The attack on Charlie Hebdo

So far as the willful attacks on prophets are concerned, Jyllands-Posten and Charlie Hebdo are two notorious examples

Anwer Mooraj January 10, 2015
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When three hooded gunmen recently attacked and killed the editorial staff of a vicious satirical journal in Paris which ridiculed Judaism, Catholicism and Islam — the West was fuming. Good God. This is a blatant attack on the Freedom of the Press. To the Brits, French and the Germans, it was worse than a Middle East wake. David Cameron was enraged. Angela Merkel was enraged. Francois Hollande was enraged. I think somebody even quoted Voltaire… I don’t know what Thorning Schmidt’s reaction was; after all, it was in Denmark where the mischievous pictorial attacks originated, inducing Islamic countries to ban imports from the Scandinavian country. Barack Obama condemned the violence. He offered FBI help to ferret out the rest of the terrorists. But deep down, I honestly don’t think he would ever endorse ridiculing and mocking any prophet, and especially one who is held in deep awe and reverence by such a large body of worshippers, some of whom turn to violence as the only means of settling a dispute. In fact, when it was brought to his notice that Terry Jones, a pastor in Gainesville, Florida was planning to burn 2,988 kerosene-soaked copies of the Holy Quran, he made jolly sure the pastor would be hauled up on a felony charge.

Not many French people supported the scurrilous attacks on the satirical weekly Charlie Hebdo, which didn’t have a particularly large circulation. On more than one occasion, government ministers in France had warned the editor and the staff of the offensive journal to soften their tone after the appearance of some reprehensible, highly disgusting cartoons that were produced about Jesus Christ. The Catholics in France were enraged; and after receiving threats, the weekly was provided police protection. Now don’t get me wrong. I have a great regard for cartoonists. They have a gift for executing a drawing in an exaggerated style for humorous or satirical effect and can convey a universe of thought in a single picture. For years, I have marvelled at the wit of Larry, Low, Clark, Scarfe, Mahoud, Langdon and Bell. In fact, among my books are many collections of the best of Punch, The New Yorker and Private Eye where the world’s finest cartoons have been parked. Across the eastern border, Abu and R K Laxman kept me amused for as long as I can remember. Both artists paid special attention to popular tropes without too much fuss or fanfare. But… in all the years that I have looked at caricatures I have never, not even once, come across a drawing that deliberately insulted or ridiculed a prophet. Of course, there are lots of funny stories and anecdotes about people of various nationalities and religions. And even titular heads of various faiths and sects have had their share of rebuke. But so far as the willful attacks on prophets are concerned, Jyllands-Posten and Charlie Hebdo are two notorious examples.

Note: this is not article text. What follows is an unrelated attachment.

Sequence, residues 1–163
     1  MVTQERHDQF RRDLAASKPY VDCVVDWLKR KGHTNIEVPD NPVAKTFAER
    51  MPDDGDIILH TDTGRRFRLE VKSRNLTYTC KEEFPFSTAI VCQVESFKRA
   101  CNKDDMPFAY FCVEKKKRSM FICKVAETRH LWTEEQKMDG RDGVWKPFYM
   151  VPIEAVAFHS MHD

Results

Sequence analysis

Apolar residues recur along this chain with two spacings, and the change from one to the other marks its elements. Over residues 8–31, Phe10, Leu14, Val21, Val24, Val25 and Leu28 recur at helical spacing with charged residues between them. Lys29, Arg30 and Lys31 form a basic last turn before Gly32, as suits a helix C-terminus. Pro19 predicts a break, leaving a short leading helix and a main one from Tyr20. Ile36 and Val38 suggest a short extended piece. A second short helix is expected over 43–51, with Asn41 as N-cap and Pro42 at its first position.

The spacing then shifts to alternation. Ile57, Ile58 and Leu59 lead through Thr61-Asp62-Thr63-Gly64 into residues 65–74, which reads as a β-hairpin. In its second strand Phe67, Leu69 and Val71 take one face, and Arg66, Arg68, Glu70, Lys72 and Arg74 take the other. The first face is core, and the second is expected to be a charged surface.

In today’s world, members of the Muslim faith react more sharply to actual or perceived provocations than members of other faiths. And the censure is often violent, swift and decisive. Murder is murder, and the offenders should be dealt with according to the law of the land. But can anybody deny that the staff of the magazine didn’t have it coming? That they weren’t asking for it? In Pakistan, where freedom of the press is a highly relative term, 56 journalists have perished in the line of duty. But I don’t remember anybody at the BBC or CNN or Deutsche Welle saying, “There has been another blatant attack on the freedom of the press.” In the land of the pure, it happens all the time.

Published in The Express Tribune, January 11th, 2015.

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sarah tj | 8 years ago | Reply

@politically incorrect: injustice and cruelty are the root causes of terrorism acts like drone attacks and publishing blasphemous cartoons generates and provoke wrath and anger which brings results like this they should have seen that coming every action has a reaction I totally agree with the writer you may be religiously incorrect but I m not.

politically incorrect | 8 years ago | Reply

Sorry, for the typo. Should be cried 'hoarse' not 'horse'..

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